Art School: Semester 4, Week 5

Argh. Another week sick. A long week sick. Mostly it’s just a cough now, but it sure is annoying, and it won’t go away. Such fun. Anne’s got it too, so we’re quite the pair as we spend the days hacking our lungs up. Nice visual, eh?

Anyway, the week has been… a week. Temperatures are dropping and there is rain, off and on. I’d be very happy about it if I didn’t have to cough all the time.

There is some bad news, though. Tinkerbelle has decided to have hip problems. With no real notice she got all wobbly in the back end, and instead of her usual powerful — if clumsy — charging around, she now staggers like she’s drunk. The vet tells us it seems to be neural, and referred us to a canine neurologist. That appointment isn’t for another week and a half, or so. In the meantime we did get her x-rayed to see how her hips look, and oh boy has she got a whopper case of hip dysplasia. Someday that will be a problem. Right now, though, it’s not the issue. Something else is going on, and we need to figure it out if we can.

Thankfully she’s not in pain, though she clearly knows she cannot trust her back end. However, she’s also still a puppy at heart, and when she can’t stand it any more she bluff charges Cruzer and tears across the yard. It almost looks fine until she cannot make a turn and both back feet go out from underneath her. But she pops back up and clobbers Cruzer again. Despite setbacks, life goes on.

For now, we hope that she either gets better or the neurologist points us in a reasonable direction. In the absence of that, she’s OK so long as there is no pain and she doesn’t get worse. Time will tell.

Anyway, on to school, as I have no comments anyone wants to read about the rest of the world at this time.

Oh… wait. For my American readers, this weekend is Thanksgiving in Canada. Anne and I will be hiding at home, coughing and avoiding giving our friends this disease. But that also means more time for homework, so that’s good.

Professional Practice

This week we discussed budgeting. Budgeting.

Some of my fellow students already know I have a spreadsheet for everything. Budgeting isn’t exactly an issue for me, but I admit I am not really the usual target student for this class.

Oh well.

Next week we are doing our five minute presentations about something art related. I’ll be introducing my fellow students to Gian Carlo Stone, which is a local stoneyard. That won’t be too hard, honestly, so next week will be fine.

The larger problem is creating my artist statement. I had the instructor review an early draft of it, which she shredded mercilessly. The problem is that this is a kind of writing I hate doing, for two reasons:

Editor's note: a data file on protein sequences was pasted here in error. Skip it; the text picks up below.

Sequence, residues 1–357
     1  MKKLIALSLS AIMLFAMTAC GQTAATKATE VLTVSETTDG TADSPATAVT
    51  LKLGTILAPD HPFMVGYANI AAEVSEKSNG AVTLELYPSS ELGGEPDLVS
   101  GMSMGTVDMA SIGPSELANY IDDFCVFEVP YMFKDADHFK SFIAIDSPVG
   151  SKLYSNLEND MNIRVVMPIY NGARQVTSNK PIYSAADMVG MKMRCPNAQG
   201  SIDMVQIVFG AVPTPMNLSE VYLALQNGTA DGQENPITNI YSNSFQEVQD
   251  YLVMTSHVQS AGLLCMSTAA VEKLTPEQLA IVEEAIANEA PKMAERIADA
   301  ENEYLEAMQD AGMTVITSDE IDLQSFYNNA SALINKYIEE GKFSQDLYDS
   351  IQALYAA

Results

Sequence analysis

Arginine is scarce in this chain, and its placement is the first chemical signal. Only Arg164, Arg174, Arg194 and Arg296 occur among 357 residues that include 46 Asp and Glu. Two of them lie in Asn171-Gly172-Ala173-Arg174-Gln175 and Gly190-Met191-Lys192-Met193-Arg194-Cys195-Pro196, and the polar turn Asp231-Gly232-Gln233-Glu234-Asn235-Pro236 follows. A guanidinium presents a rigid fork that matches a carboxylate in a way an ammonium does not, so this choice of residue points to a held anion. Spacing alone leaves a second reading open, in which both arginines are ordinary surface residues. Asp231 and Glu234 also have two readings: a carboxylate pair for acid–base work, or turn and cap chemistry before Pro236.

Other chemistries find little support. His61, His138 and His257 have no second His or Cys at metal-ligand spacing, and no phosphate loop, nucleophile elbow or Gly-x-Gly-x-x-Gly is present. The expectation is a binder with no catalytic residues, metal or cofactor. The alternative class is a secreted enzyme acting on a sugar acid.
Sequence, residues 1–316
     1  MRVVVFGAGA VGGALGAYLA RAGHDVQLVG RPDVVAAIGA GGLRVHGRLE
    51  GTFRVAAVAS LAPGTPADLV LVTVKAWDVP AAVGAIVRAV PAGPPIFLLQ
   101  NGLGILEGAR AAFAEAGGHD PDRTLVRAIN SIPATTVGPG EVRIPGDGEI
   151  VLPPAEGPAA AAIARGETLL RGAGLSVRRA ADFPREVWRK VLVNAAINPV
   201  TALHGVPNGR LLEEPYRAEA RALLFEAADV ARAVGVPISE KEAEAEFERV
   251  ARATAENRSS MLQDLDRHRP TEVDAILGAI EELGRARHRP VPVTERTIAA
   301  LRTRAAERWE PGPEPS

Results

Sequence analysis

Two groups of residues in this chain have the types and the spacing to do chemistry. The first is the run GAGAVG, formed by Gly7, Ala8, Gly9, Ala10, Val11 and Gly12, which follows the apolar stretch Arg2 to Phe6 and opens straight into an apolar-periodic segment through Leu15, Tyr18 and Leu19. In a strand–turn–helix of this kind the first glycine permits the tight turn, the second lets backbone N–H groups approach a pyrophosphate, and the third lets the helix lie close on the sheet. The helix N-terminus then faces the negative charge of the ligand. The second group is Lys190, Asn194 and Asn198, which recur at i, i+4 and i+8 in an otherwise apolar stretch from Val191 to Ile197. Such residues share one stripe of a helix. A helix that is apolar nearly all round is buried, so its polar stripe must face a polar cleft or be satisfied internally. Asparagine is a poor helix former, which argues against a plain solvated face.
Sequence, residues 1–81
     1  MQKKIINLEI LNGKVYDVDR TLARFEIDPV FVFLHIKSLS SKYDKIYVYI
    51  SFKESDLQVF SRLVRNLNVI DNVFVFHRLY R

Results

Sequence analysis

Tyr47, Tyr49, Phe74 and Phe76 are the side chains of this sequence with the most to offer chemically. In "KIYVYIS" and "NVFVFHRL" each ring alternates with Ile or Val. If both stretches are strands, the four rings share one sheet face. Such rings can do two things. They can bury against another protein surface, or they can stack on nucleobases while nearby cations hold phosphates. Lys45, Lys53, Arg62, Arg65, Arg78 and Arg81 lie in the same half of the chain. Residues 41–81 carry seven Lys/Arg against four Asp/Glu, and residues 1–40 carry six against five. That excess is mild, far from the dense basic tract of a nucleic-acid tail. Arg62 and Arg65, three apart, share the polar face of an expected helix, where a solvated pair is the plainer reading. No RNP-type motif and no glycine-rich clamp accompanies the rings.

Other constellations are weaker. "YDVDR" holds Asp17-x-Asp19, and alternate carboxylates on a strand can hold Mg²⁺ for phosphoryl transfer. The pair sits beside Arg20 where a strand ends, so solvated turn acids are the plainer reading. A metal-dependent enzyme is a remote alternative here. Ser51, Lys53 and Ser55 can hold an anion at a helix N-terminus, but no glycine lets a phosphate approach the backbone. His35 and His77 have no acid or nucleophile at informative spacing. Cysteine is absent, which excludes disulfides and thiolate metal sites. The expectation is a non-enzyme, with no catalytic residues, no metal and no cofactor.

1. It’s about me, and in the first person. It’s not about what I did, or what I saw… it’s this sort of biographical thing that tries to tie together why I make art. Not how, mind you, why. It’s an awful thing to write, and it feels very… self centred. And please note that I fully recognize the irony of writing that in this blog, in which I discuss what I am doing with my life in art school in Canada. I get it, but somehow that document feels very different. It doesn’t write easily or nicely.
  2. It’s intended to be written in an academic style, and I despise academic writing. Those of you who followed me through the summer know of my experience in my English class, where there was some worry about academic writing. That was compounded with a bit of writing for my Art of Canada class, where some of the same issues came up. Academic writing is the death of good writing. It should be eliminated.

I don’t have a hard due date for this document yet, but she wants an(other) early draft submitted relatively soon, probably in a week or two. She’s actually still waiting on the photography lights to arrive, and then students who haven’t already done so will get to photograph their work, and when those photos are due, she wants a draft artist’s statement as well. But it’s all based on when the (back ordered) lights actually arrive.

Oddly, there’s another thing going on relating to this class that I have yet to fully figure out. We have a project coming up which is to apply for something — a grant, an academic program, a residency, a show, to be represented by a gallery — something art related. I’m not really ready to do any of those things, so I am probably only going to go so far as prepping everything as if I would apply, but there’s a wrinkle. Out of idle curiosity I checked with a local school to see if my previous BS degree (from ages ago, in engineering) would help me get past some of the requirements and into an MFA program. The answer, rather surprisingly, was that it probably would.

So now I have that option, at least in theory. I could consider going on for an MFA (if I want) which would let me teach (if I want). But honestly, I really don’t know if I want to do that or not. Not a clue at this time. So I guess I put that possibility in my back pocket and see what happens as I approach the end of my time at Langara. It’s interesting to have that unexpected option open up, though, so more thought is needed.